Flood of tears

Expressing grief with Processing

Danielle H
5 min readFeb 23, 2024
Gif quality is low, checkout the original in YouTube or Pixabay for nicer splashing

To skip to the code, click here.

When my brother passed away of a sudden heart attack at age 38, we were all devastated. One of the things I have done in the years following is death is create and upload a video of a song that he wrote.

I think I need someone to bleed with me on brand new sheets of silk
I think I need someone to feed me homemade cakes and milk
I think I need someone to hold me while I free myself
I think I’ll need, and then I’ll fold me and lay me on a shelf

While most of the video was the text of the song, I also used two Processing animations for the video. One was growing and flowering vines. The other, which is also the ending of the video, is the Flood of Tears (link is to Pixabay).

Tears fall and splash in a growing puddle that takes over the screen until it’s filled. Because sometimes, grief knows no bounds.

And for the last few months, grief, for completely different reasons, has been all-encompassing. So I revisited this code.

Sometimes code can give comfort.

Comfort in coding. Generated by Dall-E

Full code in GitHub

So, how does the code work?

  • Code to create a large drop — the tear.
  • Code to create small droplets when hitting the puddle: The splash
  • Code to create the flood of tears.

The tear

First, we need the shape of a tear. For this I used a custom PShape. The idea was to use a Bezier curve for the top left and top right — the “tear” — and half a circle for the bottom half of the tear:

void setup(){
size(400, 400);
//drop PShape
drop = createShape();
drop.beginShape(); // start to draw a shape
drop.vertex(0, -50); // begin at this point x, y
//top left of drop, curving in then out
drop.bezierVertex(0, -50, 8, -25, 10, -20);
drop.bezierVertex(10, -20, 17, -10, 20, 0.3);
//bottom arc of drop
for (float a = 0; a < PI; a += 0.1) {
float r = 20;
drop.vertex(r*cos(a), r*sin(a));
//top right of drop, curving in then out
drop.bezierVertex(-20, 0.3, -17, -10, -10, -20);
drop.bezierVertex(-10, -20, -8, -25, 0, -50);

//PShapes are always drawn at 0,0, so need to translate to draw
translate(200, 200);

This results in the following:

Now we want a tear-y color. For that I played with blue, green and alpha:

float blue = random(280, 255);
float green = random(100, 200);
float alpha = random(150, 255);
drop.setFill(color(0, green, blue, alpha));

Now, I wanted it to drop:

//position, could use PVector instead
float x = 200;//center
float y = 10;//top

PShape drop;

//falling speed
float speed = 5;

//when to update the position - don't want it to fall too fast
long currTime = 0;
long prevTime = 0;
int interval = 50;//ms

...//here is the PShape code from before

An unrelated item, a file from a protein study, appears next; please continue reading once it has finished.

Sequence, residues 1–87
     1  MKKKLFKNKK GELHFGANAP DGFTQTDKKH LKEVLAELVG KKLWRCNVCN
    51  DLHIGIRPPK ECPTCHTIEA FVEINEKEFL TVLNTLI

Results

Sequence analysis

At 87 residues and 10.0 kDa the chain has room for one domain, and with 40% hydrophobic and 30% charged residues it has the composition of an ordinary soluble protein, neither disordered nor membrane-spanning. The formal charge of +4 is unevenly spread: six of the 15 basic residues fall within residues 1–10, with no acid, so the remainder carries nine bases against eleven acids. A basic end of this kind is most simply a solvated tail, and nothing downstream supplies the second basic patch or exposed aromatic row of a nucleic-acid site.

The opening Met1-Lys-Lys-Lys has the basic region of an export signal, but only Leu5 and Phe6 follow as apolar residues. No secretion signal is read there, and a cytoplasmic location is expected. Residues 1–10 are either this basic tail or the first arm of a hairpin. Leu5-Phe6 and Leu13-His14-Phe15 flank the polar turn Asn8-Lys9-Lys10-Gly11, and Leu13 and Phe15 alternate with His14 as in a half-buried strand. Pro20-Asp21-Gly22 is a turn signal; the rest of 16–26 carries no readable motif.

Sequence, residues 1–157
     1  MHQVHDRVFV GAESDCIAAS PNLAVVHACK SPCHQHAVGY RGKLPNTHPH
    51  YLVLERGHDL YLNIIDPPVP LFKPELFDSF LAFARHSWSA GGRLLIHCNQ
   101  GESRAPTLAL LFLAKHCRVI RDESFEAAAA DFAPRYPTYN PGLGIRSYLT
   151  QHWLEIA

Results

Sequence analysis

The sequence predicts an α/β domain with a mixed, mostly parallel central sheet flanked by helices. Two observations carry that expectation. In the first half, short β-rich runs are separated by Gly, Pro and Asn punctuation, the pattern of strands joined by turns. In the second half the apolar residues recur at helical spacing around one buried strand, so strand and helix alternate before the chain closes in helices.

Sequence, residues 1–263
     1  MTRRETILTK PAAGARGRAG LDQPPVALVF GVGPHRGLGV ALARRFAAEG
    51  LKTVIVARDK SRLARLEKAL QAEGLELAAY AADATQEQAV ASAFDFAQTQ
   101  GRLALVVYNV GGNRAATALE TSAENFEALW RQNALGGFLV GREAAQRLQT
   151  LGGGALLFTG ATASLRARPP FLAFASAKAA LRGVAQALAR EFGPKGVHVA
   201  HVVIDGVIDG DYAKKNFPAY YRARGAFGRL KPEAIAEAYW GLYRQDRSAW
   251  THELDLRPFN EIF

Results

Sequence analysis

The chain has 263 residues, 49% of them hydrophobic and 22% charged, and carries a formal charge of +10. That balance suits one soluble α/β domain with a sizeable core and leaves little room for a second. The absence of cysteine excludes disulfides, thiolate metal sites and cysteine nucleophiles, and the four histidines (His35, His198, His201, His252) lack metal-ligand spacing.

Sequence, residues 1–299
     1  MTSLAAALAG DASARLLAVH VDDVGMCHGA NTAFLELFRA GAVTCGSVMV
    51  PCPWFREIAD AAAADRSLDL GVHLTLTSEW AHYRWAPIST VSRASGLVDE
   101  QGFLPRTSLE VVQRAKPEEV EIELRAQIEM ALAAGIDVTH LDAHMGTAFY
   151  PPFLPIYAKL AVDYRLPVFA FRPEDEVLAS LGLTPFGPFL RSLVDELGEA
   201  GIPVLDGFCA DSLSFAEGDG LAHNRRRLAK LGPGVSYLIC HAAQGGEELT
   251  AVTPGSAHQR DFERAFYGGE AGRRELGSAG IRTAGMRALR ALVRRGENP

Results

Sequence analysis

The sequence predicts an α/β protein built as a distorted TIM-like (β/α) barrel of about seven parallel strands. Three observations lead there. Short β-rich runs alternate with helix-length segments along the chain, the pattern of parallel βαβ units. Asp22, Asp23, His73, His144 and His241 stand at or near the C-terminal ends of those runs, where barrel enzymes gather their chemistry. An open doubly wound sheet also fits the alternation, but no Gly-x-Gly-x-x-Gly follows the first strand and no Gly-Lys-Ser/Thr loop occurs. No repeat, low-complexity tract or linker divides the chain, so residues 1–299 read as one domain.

void draw() {//draw and update
//we want to draw all the time, and update if interval passed
currTime = millis();
translate(x, y);
//update if interval passed
if (currTime-prevTime > interval) {
prevTime = currTime;
y = y+speed;

And I also wanted it to shimmer, so I changed the alpha semi-randomly:

if (currTime-prevTime > interval) {
prevTime = currTime;
y = y+speed;
alpha = alpha + random(-10, +10);
alpha = constrain(alpha, 150, 255);

Now we need it to splash.

The splash

The splash is a few circular droplets. What is interesting about them is that they have an upward starting velocity, and then they fall with gravity. In other words, we need some basic physics.

class Droplet {
PVector pos; //position of droplet
PVector vel;//velocity of droplet
PVector gravity = new PVector(0, 10);//gravity
color c;//color of droplet

//create droplet with random velocity in splash-y direction
Droplet(PVector pos, color c) {
this.pos = pos;
this.c = c;
vel = new PVector(random(-20, 20), random(-30, -70));

//using given color to draw the droplet and update position and velocity.
void draw() {
circle(pos.x, pos.y, 10);
//v = starting_velocity + gravity * time_unit
//time_unit is 1

So when the Drop hits the puddle, we need to remove the drop, and create some random droplets instead.

The flood

The flood is actually simple. It’s a rectangle that starts with height 0 and grows bigger from below. As in Processing the top right corner is (0,0), we need to subtract the current height of the flood:

flood = height;//no flood

//when drop hits, subtact from flood:
flood -=10;

//draw flood
fill(0, 85, 255);
rect(0, flood, width, height - flood);

Flood of tears

I wanted it to feel like a flood, and have more and more tears over time. So I start with an `interval` of 3 seconds. After the interval, I create a drop … and make the interval shorter:

interval  = int(0.8*interval);

And that gives the “more and more tears” effect.

Full code is here:

May we all know better times.

139 days. Still waiting. #BringThemHome.

Check out my free and open source online game Space Short. If you like my stories and site, you can also buy me a coffee.



Danielle H

I started programming in LabVIEW and Matlab, and quickly expanded to include Android, Swift, Flutter, Web(PHP, HTML, Javascript), Arduino and Processing.